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A look at some Directed Fieldwork experiences
By Tim Held
March 21, 2003

Should You Consider Directed Fieldwork?

If you want to develop professional skills this summer, or you can't wait to put your classroom knowledge into practice, you should start thinking about directed fieldwork now.

LIS590, a variable-credit elective, is open to any students with 30 credits who want practical work experience. What kind of experience? And where can it be found? Read on to learn how diverse these information science experiences can be.

Sandy at the Reference Desk

In her last year of the evening program, Sandy Bennett negotiated a six-month Directed Fieldwork position at Bellevue Community College Library, where she was assigned to the reference desk, as well as other instructional projects. Sandy gained teaching experience in putting together a staff training video.

Sandy's experience gave meaning to her coursework: "Working in the trenches, so to speak, was enlightening. Up until then, everything was theoretical, and I was still somewhat vague on my career goals. Doing this helped solidify both the positives and negatives in an academic librarianship career, while allowing me to finally apply some of the stuff I'd been learning!"

While evening students may find Directed Fieldwork difficult to schedule, to Sandy it was essential. "For someone like me, who came from a distinctly non-librarian, non-information professional background, it provided experience that I couldn't get any other way, as well as insight into the field."

Kathleen and Database Management

Another iSchool student who gained perspective on a professional field is Kathleen Crosman. She enhanced her content management skills in her first Directed Fieldwork at the UW Drama Library last summer. "I worked on converting sound effects indexing previously stored in two different databases into one InMagic database. I also created a web query to access the information.

"Because the Drama Library is small and because Liz [Fugate, Drama Librarian] was generous with her time and experience, I gained a great deal of insight into the operations of academic libraries. I decided to pursue further education in archival studies as a result of this fieldwork.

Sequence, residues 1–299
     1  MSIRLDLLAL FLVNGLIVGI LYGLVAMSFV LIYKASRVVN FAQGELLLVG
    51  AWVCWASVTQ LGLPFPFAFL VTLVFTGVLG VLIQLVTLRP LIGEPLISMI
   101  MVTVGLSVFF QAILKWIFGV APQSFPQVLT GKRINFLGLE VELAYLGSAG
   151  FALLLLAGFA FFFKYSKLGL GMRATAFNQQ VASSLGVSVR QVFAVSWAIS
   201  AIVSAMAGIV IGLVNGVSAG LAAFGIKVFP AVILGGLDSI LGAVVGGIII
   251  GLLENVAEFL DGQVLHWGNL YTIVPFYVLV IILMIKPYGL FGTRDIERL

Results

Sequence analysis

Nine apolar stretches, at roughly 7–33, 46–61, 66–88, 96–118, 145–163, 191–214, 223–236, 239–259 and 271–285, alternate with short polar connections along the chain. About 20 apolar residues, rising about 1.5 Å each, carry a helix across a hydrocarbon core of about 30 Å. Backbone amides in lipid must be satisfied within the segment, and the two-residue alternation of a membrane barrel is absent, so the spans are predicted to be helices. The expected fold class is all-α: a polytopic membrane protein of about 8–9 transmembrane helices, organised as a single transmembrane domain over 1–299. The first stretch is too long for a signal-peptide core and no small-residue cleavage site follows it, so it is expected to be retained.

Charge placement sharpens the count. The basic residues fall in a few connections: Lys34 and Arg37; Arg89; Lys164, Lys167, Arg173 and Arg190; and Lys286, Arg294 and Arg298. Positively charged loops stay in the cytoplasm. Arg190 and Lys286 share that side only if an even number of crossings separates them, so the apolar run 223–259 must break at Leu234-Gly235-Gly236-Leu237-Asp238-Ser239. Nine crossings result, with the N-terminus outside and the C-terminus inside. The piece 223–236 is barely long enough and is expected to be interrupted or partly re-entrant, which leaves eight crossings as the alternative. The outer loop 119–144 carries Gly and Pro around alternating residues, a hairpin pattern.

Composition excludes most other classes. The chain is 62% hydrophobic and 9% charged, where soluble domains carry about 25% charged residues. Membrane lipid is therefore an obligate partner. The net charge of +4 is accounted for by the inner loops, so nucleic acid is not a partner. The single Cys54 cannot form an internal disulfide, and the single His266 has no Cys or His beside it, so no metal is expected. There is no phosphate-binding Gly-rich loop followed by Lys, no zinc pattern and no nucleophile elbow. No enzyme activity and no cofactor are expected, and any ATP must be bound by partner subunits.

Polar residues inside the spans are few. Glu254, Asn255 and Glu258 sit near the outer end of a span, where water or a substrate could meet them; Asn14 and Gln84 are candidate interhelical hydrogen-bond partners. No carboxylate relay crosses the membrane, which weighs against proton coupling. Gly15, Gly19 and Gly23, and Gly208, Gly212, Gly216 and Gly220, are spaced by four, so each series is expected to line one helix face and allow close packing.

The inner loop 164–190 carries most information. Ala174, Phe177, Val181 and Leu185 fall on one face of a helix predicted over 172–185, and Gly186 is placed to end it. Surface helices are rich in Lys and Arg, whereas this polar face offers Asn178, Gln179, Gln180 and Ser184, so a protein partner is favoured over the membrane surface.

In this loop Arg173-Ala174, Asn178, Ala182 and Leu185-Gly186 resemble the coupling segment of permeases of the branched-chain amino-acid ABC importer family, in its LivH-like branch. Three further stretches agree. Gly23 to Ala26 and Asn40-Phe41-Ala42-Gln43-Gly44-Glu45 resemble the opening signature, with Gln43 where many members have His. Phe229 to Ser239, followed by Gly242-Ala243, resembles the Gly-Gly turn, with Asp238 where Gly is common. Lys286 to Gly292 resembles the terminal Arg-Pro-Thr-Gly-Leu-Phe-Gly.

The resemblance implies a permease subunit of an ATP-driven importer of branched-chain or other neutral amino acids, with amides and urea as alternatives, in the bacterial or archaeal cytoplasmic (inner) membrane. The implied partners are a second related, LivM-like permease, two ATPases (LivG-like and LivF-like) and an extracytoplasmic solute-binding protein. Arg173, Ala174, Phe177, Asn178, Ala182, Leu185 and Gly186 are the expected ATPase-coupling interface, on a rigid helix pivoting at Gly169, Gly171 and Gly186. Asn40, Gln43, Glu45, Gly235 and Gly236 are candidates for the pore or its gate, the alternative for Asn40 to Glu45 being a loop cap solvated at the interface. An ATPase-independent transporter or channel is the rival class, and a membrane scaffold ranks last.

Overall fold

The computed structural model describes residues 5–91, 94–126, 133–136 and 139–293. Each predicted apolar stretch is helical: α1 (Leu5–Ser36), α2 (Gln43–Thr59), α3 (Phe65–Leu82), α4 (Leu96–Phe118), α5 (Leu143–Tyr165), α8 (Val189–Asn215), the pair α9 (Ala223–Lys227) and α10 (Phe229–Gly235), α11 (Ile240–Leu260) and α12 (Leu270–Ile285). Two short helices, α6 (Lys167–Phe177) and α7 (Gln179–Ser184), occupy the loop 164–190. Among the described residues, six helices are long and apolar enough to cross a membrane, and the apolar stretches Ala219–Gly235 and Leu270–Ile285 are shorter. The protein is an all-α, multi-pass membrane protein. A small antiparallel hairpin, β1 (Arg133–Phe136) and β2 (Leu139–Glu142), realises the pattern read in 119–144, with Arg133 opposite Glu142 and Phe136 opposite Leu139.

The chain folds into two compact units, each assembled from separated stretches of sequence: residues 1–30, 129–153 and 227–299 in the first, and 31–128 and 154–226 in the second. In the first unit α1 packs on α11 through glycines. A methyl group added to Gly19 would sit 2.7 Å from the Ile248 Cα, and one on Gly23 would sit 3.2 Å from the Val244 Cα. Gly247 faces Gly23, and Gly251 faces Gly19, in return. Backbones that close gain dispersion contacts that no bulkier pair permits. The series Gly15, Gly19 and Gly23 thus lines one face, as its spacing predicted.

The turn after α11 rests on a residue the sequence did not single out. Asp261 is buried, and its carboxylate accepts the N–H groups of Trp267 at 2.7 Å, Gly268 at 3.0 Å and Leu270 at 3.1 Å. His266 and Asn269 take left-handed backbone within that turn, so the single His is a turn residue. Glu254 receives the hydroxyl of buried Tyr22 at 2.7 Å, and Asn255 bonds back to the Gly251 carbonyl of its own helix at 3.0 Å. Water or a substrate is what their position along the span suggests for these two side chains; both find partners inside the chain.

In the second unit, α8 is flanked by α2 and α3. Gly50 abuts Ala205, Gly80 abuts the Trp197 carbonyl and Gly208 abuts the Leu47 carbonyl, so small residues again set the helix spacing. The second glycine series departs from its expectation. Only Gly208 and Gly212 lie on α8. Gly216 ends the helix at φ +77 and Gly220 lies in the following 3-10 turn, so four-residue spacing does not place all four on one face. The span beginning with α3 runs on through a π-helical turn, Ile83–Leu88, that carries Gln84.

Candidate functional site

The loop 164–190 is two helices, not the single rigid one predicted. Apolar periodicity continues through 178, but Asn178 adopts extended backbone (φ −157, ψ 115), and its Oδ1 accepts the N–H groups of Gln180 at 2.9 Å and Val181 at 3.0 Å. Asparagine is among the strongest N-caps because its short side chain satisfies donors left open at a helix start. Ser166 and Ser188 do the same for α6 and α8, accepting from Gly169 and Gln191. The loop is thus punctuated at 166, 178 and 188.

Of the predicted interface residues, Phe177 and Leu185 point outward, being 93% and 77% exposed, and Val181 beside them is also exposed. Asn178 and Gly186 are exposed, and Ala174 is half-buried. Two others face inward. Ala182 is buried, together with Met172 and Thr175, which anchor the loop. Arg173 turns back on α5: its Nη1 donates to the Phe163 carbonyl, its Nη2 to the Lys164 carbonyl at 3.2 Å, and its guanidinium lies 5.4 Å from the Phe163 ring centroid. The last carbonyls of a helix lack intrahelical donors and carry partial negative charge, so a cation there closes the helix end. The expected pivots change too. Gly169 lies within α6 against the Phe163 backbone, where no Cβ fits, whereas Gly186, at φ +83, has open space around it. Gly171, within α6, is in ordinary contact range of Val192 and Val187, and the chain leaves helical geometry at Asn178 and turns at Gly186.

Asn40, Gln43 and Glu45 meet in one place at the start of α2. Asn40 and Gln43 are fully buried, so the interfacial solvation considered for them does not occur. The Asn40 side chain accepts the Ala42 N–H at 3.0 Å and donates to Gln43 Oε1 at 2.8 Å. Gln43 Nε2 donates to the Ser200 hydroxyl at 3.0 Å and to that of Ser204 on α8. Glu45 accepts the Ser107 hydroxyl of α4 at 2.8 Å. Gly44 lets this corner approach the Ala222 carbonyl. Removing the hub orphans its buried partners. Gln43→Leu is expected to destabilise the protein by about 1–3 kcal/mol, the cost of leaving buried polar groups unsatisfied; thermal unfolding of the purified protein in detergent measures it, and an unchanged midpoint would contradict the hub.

"I would highly recommend fieldwork. It can confirm your interests or change your direction. In my case it did a little of both. My desire to have a connection to the world of theatre was strengthened but the focus changed from librarianship to archival services!" Kathleen will pursue her drama interests in a second Directed Fieldwork this spring in the Manuscripts, Special Collections, and University Archives. She will be processing the papers of UW drama instructor John Ashby Conway, which includes glass plate negatives, watercolors, and architectural drawings.

Noni studies Book Arts

Noni wanted to explore the profession of conservationist after LIS507, Preservation and Conservation of Library Materials, so she took WSU Special Collections up on its offer of a stipend to spend a month learning the trade under conservator Gudrun Aurand. Student Services Administrator Lynnea Erickson set it up for Directed Fieldwork credit simultaneously.

"My favorite project was repairing a journal from the library of Leonard and Virginia Woolf. The cover, binding, and the pages needed attention. The staff had quite an interesting discussion about how to repair this old magazine because Virginia Woolf had made the cover herself using stiff paperboard and wallpaper! The stapled signatures needed to be separated, mended, and sewn. I trimmed the tiniest bits of frayed edges from the cover and reattached it with strong thin paper. Finally, I made a custom enclosure to protect it from shelving and environmental degradation. Apparently, her handmade covers are of interest to scholars; it was fun to work on one that will be safe in its enclosure for, well, a long time.